66 What is the matter with you ?” said he. 66 There is no occasion for this outward show of tenderness," said the lady, “ for I know you have found out your old favourite lady.” Gianetto began to exculpate himself. The lady said, " where is the ring I gave you ?” Well," said Gianetto, " what I anticipated is come to pass ; I said, I was sure you would be displeased ; but I solemnly swear to you, by all that is sacred, that I gave the ring to the Judge that extricated An. saldo from his difficulties." 66 And I swear,” said she, “ by all which I hold most dear, that thou hast given it to a woman. I know it well, and thou oughtest to be ashamed to perjure thyself thus." 66 May I die this moment,” said Gianetto, “ if I do not tell thee true ; and, besides, I told the Judge how it would turn out.” - Thou might have stayed where thou wert, and have sent Ansaldo here by himself, and enjoyed thyself among thy damsels, for I hear they all wept at thy departure.” Messer Gianetto. began to be greatly distressed, and could not refrain from tears, saying, “ Thou swearest what is not true, and what could not be.” The lady, however, seeing he was in great agitation and quite miserable, it went to her heart, and she ran to embrace him, laughing immediately, and showing him the ring, and repeated to him every thing he had said to the Judge, and how she herself had acted the part of the Judge, and in what manner he had given him the ring. Gianetto marvelled at this account; but seeing it was all true, he began to feel relieved, and extremely pleased, and going out of the room, related the story to some of his friends, and the adventure increased their mutual affection, and thus they lived happily together, surrounded by friends, and not forgetting to pay all kind attention to Ansaldo.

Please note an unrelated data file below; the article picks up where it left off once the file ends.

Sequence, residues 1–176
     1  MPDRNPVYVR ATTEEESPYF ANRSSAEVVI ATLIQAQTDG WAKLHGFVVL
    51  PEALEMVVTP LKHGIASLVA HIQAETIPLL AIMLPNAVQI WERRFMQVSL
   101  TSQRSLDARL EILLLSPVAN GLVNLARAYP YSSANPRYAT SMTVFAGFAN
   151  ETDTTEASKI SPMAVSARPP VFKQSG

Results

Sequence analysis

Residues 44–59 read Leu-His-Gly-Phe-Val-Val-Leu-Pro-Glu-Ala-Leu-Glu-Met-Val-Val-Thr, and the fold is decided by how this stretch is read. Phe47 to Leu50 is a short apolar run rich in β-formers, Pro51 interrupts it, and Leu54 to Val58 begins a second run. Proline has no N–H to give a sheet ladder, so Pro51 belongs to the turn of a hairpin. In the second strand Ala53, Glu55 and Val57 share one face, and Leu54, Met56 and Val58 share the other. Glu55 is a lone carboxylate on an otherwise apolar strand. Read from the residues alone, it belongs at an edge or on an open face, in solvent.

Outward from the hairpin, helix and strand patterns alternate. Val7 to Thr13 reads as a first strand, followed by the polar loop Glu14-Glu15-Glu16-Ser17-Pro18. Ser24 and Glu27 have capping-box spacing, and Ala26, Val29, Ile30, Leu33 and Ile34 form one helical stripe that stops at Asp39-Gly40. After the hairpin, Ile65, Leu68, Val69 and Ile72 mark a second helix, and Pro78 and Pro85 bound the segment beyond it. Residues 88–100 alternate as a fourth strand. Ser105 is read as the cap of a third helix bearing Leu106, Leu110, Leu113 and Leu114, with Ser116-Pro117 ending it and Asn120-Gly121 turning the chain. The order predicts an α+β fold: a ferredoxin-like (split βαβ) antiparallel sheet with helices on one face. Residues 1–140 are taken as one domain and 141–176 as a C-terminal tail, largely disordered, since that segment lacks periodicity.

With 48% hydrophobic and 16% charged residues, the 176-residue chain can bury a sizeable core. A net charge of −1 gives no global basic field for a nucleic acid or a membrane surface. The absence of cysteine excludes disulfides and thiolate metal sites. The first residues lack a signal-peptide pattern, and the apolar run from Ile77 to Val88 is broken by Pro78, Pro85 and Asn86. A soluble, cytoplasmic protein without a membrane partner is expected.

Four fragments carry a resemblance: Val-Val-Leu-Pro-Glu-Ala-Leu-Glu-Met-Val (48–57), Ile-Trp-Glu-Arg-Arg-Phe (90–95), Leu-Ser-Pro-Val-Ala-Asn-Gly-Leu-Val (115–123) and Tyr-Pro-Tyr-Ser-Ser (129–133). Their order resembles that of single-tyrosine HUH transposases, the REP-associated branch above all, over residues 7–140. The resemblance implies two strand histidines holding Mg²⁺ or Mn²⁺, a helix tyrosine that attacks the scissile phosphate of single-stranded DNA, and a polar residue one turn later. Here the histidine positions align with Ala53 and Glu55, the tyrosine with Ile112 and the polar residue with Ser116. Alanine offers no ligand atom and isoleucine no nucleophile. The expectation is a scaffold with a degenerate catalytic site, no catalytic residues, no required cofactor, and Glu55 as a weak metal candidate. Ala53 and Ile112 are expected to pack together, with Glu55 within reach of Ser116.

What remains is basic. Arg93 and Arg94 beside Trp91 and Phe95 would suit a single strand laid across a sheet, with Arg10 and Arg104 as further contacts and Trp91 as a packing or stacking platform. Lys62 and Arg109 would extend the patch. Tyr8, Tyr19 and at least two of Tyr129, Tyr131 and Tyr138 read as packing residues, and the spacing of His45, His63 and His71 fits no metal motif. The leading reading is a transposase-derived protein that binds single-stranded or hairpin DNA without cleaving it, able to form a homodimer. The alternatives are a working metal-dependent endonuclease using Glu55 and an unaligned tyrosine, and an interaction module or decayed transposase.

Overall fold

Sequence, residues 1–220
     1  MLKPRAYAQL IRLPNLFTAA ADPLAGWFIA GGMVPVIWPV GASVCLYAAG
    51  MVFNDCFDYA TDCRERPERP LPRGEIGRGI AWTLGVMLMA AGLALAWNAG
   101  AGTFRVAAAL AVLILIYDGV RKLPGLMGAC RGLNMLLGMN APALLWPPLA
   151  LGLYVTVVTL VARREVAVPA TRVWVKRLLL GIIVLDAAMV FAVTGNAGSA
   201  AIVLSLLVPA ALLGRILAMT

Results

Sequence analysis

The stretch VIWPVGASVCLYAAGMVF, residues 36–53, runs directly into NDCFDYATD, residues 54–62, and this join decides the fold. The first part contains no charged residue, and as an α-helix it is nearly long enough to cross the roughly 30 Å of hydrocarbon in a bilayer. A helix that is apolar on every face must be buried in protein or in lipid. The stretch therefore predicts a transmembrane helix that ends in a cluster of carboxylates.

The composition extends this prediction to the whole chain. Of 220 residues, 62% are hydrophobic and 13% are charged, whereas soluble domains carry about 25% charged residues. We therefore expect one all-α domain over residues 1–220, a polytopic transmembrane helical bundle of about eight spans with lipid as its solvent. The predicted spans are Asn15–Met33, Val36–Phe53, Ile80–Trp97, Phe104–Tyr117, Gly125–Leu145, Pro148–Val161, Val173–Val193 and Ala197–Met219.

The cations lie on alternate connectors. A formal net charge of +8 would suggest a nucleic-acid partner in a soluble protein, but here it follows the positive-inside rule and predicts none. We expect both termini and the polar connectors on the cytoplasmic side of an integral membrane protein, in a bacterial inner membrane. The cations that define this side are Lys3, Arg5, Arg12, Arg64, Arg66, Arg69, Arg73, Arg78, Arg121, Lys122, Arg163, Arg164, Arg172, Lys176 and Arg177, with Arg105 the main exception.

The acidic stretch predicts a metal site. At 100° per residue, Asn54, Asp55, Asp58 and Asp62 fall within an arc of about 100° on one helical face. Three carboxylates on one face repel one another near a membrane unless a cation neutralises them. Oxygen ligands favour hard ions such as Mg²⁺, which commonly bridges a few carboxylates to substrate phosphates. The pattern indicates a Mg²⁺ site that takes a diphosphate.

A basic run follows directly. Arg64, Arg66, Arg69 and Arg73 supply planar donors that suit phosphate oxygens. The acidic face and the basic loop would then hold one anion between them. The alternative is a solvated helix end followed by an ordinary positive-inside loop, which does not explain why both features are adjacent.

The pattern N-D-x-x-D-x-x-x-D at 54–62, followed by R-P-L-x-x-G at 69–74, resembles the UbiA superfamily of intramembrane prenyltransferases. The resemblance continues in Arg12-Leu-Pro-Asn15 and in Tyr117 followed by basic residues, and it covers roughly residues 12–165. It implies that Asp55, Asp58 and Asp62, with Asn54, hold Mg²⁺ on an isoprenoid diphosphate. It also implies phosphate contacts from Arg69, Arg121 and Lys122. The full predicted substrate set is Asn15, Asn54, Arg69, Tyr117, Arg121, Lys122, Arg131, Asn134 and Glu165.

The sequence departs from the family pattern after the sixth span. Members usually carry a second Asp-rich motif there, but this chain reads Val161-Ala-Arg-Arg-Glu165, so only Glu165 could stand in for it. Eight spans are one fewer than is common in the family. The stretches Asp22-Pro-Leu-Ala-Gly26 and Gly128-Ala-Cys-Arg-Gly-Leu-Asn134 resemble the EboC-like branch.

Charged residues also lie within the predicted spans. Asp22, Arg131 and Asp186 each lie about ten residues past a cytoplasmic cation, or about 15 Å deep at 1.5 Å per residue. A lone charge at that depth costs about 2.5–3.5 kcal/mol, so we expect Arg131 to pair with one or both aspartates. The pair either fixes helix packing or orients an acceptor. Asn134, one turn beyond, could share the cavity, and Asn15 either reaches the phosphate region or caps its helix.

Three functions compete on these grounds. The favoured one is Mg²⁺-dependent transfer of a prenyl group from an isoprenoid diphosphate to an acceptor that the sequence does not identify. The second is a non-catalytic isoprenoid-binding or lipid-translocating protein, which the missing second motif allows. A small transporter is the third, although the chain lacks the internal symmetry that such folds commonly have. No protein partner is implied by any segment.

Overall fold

CANZONETTO.

WHEN day is gone, and darknes come,

The toyling tired wight
Doth use to ease his wearie bones,

For rest in quiet night.-
When storme is staied, and harbor woon,

The sea-man set on shore,
With comfort doth requite the care

Of perils past before.
When Love hath woon where he did woo,

And light where it delites ;'
Contented minde, thenceforth, forgets
The frowne of former spites.

PHENIX NEST, 1593.

UNFORESEEN PLEASURES.

From 6 Lucubrations of Humphrey Ravelin, Esq."

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THROUGHOUT this world of business and of care, the sun shines not upon so idle a being as the retired soldier. His whole life has been but as one long campaign : at its opening, the same bright hopes, the same restless fire and impetuous activity; in its progress, the same fruitless toil and baffled ambition; at its close, the same exhaustion, contentment, and repose. He has, then, literally nothing left on earth to perform, and holds his tenure of existence upon the easy conditions of eating, drinking, and sleeping in the comfortable rotation of every fourand-twenty hours. If it suit his mood to wile away the intervals between these interesting avocations, in the reveries of a solitary ramble, the excitement of conversation, or the quiet enjoyment of a book, he is free to indulge in the favourite propensity, but no one would dream of requiring exertion at his hands ; he is chartered in indolence, and useless by prescription.